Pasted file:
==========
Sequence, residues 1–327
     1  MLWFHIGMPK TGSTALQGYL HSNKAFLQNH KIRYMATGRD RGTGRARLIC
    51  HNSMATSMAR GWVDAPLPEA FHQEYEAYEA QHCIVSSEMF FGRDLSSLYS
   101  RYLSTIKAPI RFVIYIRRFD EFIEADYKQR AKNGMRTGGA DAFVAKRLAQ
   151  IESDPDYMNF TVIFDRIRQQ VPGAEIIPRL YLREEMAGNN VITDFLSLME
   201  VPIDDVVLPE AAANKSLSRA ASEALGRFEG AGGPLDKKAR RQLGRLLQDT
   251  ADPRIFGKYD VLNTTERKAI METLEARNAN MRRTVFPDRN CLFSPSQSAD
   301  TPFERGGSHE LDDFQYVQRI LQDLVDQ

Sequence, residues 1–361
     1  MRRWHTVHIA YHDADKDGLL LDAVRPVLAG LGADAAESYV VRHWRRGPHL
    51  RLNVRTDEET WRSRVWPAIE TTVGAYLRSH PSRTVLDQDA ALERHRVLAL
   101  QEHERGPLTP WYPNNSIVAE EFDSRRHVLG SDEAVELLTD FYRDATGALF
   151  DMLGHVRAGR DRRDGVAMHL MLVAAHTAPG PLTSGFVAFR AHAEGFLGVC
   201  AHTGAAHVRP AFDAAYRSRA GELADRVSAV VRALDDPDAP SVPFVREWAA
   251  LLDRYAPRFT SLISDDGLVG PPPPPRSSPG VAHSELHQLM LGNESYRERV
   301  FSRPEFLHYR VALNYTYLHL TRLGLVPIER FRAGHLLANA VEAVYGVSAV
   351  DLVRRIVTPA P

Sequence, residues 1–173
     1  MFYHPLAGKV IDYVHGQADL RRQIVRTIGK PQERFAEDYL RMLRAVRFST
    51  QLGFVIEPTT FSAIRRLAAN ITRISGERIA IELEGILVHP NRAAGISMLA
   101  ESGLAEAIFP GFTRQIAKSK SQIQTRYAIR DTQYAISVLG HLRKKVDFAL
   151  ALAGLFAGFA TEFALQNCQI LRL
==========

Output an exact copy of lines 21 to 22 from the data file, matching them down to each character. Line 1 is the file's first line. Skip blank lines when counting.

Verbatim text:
   101  ESGLAEAIFP GFTRQIAKSK SQIQTRYAIR DTQYAISVLG HLRKKVDFAL
   151  ALAGLFAGFA TEFALQNCQI LRL